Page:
Like Burghley House, your entrance tickets are good for a year. We got a discount with our National Trust passes, paying $63.64 which isn’t too bad for 8 people. Thank you, strong dollar.
Parking was free on the streets of the village, so one of the boys walked to the car to get our lunch stuff, and we picnicked on this grassy space with a view of the castle and the river. There are concessions within the castle, but we were doing this on a budget, remember? Picnics saved our bacon on more than one occasion. I’m so glad that we had a month of very unBritish weather!
After Alnwick Castle we headed to our Premier Inn in Edinburgh East. It was one of the cheaper PI’s in Edinburgh and included free parking. We’d been warned that it would be difficult to find parking in Edinburgh and that it would be expensive, but it worked out for us to stay in the outskirts — right across the street from the Barracuda Fish Shop which my people came to love.
Our hotel staff were super kind, washed clothes for us, and hung them to dry in their big wash room. Super helpful as there were no 24-hour laundromats to be found, and quite honestly, most laundromats we found were quite scary.
City Centre Edinburgh
We had heard great things about Edinburgh so we had pretty high expectations. I think if we had stayed in the city centre we might have experienced some of what other people talked about. Driving in for new glasses and driving in for the day didn’t really wow us, if you know what I mean.
The Royal Mile was crowded and touristy and most of the attractions were crowded, touristy, and expensive, so we didn’t really jive.
That said, we had a lovely walk through the downtown. The weather was beautiful, and as I’ve mentioned before, the UK knows how to do parks!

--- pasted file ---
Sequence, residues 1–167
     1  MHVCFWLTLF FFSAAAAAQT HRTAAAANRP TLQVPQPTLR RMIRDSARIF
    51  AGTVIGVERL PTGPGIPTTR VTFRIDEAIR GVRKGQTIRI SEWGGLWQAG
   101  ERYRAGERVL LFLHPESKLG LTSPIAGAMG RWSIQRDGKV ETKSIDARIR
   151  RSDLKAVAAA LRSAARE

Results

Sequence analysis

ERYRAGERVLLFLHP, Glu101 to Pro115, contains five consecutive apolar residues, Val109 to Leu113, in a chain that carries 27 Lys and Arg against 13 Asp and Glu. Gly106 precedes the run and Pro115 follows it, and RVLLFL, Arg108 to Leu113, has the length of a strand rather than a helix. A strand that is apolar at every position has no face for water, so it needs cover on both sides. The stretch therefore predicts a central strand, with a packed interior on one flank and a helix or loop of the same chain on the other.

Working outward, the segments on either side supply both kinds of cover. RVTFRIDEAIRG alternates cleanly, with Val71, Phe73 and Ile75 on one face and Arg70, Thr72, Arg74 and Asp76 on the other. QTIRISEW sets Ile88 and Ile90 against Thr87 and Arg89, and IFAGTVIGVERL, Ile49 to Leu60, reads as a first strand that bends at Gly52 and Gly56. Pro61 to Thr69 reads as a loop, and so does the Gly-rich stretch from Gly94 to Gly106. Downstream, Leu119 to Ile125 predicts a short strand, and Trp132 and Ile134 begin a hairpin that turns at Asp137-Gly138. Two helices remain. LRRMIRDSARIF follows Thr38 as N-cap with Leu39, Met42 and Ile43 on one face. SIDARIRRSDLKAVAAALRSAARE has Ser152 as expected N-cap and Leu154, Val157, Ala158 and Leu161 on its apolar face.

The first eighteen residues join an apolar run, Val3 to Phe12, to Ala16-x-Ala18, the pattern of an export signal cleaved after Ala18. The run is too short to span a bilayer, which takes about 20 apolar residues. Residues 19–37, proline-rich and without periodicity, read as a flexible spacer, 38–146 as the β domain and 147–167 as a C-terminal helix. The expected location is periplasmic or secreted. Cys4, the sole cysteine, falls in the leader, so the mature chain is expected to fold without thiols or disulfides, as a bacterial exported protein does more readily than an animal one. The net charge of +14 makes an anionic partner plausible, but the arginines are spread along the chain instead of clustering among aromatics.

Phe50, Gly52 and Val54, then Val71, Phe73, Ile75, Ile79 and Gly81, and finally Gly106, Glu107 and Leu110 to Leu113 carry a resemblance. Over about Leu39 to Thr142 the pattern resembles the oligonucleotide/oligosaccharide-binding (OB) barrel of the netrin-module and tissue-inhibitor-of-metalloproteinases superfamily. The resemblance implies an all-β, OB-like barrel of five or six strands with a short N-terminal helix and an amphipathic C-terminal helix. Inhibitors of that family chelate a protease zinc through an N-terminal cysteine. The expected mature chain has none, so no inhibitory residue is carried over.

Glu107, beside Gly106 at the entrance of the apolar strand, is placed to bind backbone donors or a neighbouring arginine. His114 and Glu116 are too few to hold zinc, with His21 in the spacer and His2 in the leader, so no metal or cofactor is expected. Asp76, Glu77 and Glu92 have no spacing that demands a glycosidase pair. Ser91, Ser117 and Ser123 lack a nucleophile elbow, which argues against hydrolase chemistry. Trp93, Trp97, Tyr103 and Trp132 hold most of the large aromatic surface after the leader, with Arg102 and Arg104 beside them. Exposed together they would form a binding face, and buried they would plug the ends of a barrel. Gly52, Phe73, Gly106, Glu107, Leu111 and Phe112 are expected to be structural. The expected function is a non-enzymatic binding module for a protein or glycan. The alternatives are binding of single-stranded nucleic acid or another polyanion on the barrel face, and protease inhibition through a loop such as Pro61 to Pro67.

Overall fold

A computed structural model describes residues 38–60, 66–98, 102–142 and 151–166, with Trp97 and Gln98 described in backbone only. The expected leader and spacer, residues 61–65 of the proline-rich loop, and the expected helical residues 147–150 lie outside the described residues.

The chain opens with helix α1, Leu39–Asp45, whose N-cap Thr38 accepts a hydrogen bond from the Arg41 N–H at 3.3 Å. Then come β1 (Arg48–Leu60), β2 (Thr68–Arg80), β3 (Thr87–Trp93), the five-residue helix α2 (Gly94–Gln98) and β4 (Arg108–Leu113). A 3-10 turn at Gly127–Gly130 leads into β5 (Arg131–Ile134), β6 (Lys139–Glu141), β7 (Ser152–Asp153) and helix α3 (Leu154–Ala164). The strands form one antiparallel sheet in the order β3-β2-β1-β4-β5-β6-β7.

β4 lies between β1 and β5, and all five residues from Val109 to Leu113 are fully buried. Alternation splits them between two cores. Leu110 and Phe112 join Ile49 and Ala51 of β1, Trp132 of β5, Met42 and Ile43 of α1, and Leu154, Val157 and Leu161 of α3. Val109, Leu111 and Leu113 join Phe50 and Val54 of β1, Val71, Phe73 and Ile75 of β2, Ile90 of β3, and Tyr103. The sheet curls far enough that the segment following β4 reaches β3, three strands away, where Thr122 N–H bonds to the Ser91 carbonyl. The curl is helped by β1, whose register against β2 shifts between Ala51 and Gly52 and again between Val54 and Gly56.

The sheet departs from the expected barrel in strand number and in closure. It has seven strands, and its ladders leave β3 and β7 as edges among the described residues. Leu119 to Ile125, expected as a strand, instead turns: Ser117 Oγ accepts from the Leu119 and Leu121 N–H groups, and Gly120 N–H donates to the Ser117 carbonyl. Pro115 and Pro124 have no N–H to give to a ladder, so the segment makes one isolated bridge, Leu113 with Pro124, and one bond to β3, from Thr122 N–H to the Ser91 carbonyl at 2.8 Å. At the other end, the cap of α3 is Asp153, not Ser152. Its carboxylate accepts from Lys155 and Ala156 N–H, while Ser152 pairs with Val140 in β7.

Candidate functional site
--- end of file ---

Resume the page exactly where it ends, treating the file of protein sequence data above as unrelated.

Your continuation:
As well as free museums!
Our best memories are probably found in those unexpected moments. The free art museum with a fabulous collection, the bubbles in the courtyard outside. Little girls admiring statues of sisters. Things like that.
National museums are free to the public in the UK, which is so very nice. And unlike certain SD art museums, they are very family friendly and don’t treat you like a criminal. Ahem.
We visited free art museums in several cities and always enjoyed the experience. When something’s free, people often dismiss it as unimportant, but sometimes quite the opposite is true.
In Edinburgh we realized how very much we dislike crowds and how very much we enjoy the outdoors. We hiked through Holyrood Park (mentioned earlier), and so I looked for something else that might be out of doors and perhaps off the beaten path.
I found a real Secret Garden! Just a short walk from our hotel was Dr. Neil’s Garden. I found it on Trip Advisor and it got such good reviews, it just made sense to go. The garden was established by Drs. Nancy and Andrew Neil decades ago, long before herbs and essential oils were common place. It’s a beautiful (and free) place to spend an afternoon.
This girl took her sketch book with her wherever we went. I’m so glad I packed it for her. Such a fun memento of our trip!
In a few days I’ll share about our adventures on the other side of Scotland. Want to start reading at the beginning of this series? Scroll to the bottom of this page.